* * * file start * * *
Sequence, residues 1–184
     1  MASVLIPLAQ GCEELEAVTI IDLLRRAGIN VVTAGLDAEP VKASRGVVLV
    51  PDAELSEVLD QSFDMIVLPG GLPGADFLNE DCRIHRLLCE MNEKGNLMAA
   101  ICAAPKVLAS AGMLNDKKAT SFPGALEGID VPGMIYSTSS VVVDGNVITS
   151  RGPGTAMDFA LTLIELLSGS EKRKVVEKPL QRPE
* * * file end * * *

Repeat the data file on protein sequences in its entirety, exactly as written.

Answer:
Sequence, residues 1–184
     1  MASVLIPLAQ GCEELEAVTI IDLLRRAGIN VVTAGLDAEP VKASRGVVLV
    51  PDAELSEVLD QSFDMIVLPG GLPGADFLNE DCRIHRLLCE MNEKGNLMAA
   101  ICAAPKVLAS AGMLNDKKAT SFPGALEGID VPGMIYSTSS VVVDGNVITS
   151  RGPGTAMDFA LTLIELLSGS EKRKVVEKPL QRPE